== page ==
During the World Cup, there will be 25 per cent discount for those who will possess a Fan ID (required to watch World Cup games).

There will also be gifts and contests on offers during matches in both the restaurants to celebrate the event.

FIFA World Cup 2018 Russia
FIFA World Cup 2018, Wikimedia Commons.

“We have been waiting for this World Cup. Indians come in large numbers during the World Cup and we wanted these eateries to be a melting point,” he added.

According to Cutting Edge Events, FIFA’s official sales agency in India for the 2018 World Cup, India is amongst the top 10 countries in terms of number of match tickets bought.

Read more about Indian cuisine abroad: Hindoostane Coffee House: London’s First Indian Restaurant.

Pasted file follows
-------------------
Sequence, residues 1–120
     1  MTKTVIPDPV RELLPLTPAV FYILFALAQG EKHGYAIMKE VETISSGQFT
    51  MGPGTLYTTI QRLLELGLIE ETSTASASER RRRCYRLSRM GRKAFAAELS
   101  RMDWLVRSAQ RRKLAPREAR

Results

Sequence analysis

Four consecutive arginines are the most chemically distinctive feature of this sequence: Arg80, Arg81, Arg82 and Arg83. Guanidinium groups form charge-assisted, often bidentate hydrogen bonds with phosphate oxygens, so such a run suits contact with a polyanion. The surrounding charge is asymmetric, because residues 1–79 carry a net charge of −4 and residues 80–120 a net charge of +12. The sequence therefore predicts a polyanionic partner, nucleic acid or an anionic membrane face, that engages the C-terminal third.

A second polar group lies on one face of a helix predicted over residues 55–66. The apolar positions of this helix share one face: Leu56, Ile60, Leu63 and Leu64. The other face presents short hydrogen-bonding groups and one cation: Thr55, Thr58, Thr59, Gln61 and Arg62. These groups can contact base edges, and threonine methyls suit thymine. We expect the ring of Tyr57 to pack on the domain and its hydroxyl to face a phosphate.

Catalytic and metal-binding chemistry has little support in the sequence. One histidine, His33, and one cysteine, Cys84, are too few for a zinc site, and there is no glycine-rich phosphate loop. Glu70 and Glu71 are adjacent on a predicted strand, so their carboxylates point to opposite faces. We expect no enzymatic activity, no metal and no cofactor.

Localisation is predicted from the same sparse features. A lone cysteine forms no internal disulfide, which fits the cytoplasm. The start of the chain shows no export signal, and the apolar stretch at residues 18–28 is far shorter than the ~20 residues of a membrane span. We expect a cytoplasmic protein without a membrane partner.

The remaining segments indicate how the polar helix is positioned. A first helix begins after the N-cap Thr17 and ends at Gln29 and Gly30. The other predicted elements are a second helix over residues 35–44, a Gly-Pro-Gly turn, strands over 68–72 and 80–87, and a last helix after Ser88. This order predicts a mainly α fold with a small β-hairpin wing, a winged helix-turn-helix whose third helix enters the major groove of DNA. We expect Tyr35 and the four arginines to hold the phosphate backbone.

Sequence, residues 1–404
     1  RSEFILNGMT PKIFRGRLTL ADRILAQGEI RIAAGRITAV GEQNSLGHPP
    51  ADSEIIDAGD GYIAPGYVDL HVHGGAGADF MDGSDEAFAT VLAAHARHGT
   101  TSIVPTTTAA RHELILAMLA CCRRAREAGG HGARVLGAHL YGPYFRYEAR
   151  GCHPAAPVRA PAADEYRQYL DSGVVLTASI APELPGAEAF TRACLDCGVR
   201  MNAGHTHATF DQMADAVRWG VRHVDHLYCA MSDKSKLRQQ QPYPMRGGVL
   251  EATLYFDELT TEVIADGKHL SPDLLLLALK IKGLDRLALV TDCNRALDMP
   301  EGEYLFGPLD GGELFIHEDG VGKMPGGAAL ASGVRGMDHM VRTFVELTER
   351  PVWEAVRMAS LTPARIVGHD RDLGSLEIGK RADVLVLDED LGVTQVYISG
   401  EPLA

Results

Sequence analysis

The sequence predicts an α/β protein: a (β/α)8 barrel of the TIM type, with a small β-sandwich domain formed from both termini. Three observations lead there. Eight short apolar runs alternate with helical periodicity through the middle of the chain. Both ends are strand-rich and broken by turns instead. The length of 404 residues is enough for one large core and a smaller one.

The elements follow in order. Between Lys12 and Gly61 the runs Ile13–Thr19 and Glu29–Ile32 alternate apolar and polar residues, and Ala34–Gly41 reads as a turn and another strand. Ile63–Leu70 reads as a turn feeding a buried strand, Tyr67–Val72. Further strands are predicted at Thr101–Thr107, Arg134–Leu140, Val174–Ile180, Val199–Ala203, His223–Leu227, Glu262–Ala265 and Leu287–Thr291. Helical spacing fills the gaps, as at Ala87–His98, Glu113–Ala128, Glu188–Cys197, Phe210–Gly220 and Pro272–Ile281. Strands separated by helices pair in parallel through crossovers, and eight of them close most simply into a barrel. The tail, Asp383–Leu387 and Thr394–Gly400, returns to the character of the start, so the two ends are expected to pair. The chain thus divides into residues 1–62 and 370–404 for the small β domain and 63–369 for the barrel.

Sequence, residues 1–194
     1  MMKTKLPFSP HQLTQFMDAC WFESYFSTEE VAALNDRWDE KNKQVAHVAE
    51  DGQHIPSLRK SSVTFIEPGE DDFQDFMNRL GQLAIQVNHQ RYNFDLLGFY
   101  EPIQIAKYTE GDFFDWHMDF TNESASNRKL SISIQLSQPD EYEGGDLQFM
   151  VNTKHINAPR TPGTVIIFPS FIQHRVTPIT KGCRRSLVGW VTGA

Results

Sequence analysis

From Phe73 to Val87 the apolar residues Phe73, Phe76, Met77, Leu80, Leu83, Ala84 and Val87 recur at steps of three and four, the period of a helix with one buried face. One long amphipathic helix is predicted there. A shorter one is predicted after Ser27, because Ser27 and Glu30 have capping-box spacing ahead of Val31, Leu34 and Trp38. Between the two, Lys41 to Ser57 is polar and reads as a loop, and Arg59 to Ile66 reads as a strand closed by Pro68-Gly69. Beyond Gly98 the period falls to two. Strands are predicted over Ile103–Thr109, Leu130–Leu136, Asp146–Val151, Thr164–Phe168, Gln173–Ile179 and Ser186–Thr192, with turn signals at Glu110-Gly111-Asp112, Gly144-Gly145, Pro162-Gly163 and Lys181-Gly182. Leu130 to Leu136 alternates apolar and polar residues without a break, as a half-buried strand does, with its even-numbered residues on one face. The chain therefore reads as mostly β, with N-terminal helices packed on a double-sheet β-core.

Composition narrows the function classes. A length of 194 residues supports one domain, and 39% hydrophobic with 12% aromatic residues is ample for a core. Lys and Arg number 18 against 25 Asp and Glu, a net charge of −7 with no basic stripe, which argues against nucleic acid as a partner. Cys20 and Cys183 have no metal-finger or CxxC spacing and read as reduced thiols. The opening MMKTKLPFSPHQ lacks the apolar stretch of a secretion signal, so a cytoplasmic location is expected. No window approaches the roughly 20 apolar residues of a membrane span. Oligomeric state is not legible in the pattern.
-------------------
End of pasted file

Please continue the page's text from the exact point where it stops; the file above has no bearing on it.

Prodyut came to Moscow to study engineering and later started working for a pharmaceutical company here before trying his hand in business. Besides running the two restaurants with the help of his wife, he was into the distribution of pharmaceutical products.

“After Russia won the first match of the World Cup, the footfall has gone up considerably. The Indians are also flooding in after the 6-9 p.m. game. That is the time both my restaurants remain full,” Prodyut said.

There are also plans to rope in registered fan clubs of Latin American countries, who will throng the restaurants during matches and then follow it up with after-game parties till the wee hours.

“I did get in touch with some of the fan clubs I had prior idea about. They agreed to come over and celebrate the games at our joints. Those will be gala nights when both eateries will remain open all night for them to enjoy,” Prodyut said.

Watching the World Cup is a dream come true for the couple, Sumana said.

“We want to make the Indians who have come here to witness the spectacle and feel at home too. We always extend a helping hand and since we are from West Bengal, we make special dishes for those who come from Bengal,” she added. (IANS)